Bath MP Wera Hobhouse has called for urgent action to tackle decreases in arrests for indecent exposure perpetrators. Mrs Hobhouse argues that this is the latest example of the justice system failing women and girls.
This comes after a recent report from the Victims Commissioner revealed that just 1% of rape cases made it to trial. Mrs Hobhouse has tirelessly campaigned against violence against women and girls, calling for misogyny to be made a hate crime, public sexual harassment to be made a specific offence, and for immediate action to tackle the misogynistic culture that permeates schools and throughout society today.
Figures from a Freedom Of Information request to Avon and Somerset Police show that this year's number of cases of indecent exposure are the same as last year, but arrests and charges have decreased. The analysis also found that 74% of victims of indecent exposure this year were female, with males the main perpetrators.
The Bath MP says that this is another manifestation of violence against women and girls driven by misogyny and has called for answers from both Mark Shelford, the Police and Crime Commissioner, and the Government.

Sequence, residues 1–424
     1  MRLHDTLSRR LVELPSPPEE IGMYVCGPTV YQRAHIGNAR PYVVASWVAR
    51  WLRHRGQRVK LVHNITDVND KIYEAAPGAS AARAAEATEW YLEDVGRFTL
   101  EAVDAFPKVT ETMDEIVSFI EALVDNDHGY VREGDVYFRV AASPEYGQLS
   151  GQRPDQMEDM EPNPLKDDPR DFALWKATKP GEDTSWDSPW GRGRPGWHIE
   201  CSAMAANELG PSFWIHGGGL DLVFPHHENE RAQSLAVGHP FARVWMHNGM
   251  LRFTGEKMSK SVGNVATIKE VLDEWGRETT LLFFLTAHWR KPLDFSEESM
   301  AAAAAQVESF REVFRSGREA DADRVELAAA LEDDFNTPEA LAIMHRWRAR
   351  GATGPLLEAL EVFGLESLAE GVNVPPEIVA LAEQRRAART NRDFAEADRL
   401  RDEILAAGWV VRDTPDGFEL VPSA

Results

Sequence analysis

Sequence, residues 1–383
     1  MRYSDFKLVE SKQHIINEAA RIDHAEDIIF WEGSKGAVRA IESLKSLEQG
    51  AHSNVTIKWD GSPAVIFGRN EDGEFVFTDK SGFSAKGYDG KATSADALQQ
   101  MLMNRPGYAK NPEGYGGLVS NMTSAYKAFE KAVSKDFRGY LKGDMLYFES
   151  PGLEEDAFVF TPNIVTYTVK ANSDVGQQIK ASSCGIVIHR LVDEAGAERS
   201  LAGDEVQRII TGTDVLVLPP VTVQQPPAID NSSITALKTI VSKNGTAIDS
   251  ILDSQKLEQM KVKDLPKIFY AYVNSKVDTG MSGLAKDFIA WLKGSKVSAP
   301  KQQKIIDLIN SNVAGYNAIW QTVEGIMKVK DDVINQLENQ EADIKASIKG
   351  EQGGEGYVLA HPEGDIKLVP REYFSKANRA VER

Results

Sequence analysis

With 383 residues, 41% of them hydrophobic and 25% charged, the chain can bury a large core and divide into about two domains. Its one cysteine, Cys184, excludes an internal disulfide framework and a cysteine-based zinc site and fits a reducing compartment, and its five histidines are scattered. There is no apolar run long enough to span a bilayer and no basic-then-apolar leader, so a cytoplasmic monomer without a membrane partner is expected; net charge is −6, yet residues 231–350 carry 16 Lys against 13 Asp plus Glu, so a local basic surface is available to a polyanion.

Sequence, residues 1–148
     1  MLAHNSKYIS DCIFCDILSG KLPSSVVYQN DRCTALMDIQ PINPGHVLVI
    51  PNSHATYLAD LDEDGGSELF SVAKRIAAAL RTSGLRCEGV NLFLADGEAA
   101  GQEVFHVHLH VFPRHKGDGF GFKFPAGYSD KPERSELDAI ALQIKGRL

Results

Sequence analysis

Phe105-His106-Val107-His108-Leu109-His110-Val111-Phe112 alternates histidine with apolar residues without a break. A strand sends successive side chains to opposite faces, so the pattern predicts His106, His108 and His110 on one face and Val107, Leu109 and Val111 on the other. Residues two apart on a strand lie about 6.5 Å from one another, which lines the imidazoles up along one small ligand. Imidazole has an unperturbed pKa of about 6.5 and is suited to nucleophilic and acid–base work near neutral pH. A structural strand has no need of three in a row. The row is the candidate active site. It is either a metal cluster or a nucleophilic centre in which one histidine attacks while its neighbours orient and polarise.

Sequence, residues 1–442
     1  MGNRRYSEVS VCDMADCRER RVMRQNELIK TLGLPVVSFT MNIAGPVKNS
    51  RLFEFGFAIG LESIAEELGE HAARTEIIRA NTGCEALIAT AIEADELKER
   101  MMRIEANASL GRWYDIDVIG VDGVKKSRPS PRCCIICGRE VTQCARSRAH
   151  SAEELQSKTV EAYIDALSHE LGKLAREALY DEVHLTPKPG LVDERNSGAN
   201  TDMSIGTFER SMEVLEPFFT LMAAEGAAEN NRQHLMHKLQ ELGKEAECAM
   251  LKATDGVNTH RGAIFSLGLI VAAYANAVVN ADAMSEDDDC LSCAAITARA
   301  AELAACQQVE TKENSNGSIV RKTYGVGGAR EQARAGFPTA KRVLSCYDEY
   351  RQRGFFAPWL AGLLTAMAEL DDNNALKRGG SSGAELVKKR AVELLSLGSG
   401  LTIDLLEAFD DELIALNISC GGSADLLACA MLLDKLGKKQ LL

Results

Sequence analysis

Earlier this year, The Guardian revealed an 'epidemic' of flashing and other forms of indecent exposure, with police in England and Wales recording over 10,000 cases last year but taking fewer than 600 people to court.
Commenting on the story, Bath MP Wera Hobhouse said:
"It is unacceptable that arrests and charges have decreased whilst cases remain the same. This is another example of the justice system failing women and girls. I will be taking this up with Mark Shelford and Avon and Somerset Police. We must all make our communities safer for women and there must be answers.
"Ultimately, this is another manifestation of violence against women and girls and the figures don't even count cyberflashing, which is not currently illegal. I am fully supportive of the campaign to make cyberflashing illegal and believe that this comes alongside making misogyny a hate crime, making public sexual harassment a criminal offence, and taking immediate action in schools that would kick start the cultural change needed to prevent violence against women and girls."
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